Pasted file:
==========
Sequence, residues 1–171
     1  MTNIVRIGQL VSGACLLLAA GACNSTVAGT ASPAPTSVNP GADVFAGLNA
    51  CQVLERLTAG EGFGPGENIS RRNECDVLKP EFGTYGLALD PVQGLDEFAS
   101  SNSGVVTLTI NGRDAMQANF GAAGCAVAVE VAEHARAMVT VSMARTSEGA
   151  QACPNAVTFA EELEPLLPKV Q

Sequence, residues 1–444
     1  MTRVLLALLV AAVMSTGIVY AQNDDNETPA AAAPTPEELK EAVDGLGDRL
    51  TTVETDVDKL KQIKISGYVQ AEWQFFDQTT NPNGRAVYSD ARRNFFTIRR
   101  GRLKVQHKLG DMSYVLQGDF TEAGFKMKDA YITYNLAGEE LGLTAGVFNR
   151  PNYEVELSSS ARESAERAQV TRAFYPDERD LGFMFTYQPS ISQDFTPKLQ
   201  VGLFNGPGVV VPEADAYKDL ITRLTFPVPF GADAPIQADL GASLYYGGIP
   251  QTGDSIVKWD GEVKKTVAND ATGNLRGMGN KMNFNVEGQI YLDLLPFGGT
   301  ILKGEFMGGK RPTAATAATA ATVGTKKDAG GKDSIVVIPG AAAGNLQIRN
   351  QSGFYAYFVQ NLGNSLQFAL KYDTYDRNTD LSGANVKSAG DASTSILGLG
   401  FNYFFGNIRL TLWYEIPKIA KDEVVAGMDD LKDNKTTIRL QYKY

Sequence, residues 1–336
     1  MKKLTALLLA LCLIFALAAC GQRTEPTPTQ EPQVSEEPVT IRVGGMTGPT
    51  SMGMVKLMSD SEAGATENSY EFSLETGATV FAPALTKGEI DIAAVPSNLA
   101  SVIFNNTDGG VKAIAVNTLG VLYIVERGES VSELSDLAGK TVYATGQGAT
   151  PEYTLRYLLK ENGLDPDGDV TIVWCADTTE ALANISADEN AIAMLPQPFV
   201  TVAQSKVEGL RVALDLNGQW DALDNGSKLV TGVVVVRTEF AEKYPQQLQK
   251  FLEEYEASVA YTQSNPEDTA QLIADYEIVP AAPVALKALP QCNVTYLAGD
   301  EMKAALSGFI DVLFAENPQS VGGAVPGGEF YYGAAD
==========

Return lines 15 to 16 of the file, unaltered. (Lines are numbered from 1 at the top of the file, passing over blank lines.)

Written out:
   401  FNYFFGNIRL TLWYEIPKIA KDEVVAGMDD LKDNKTTIRL QYKY

Sequence, residues 1–336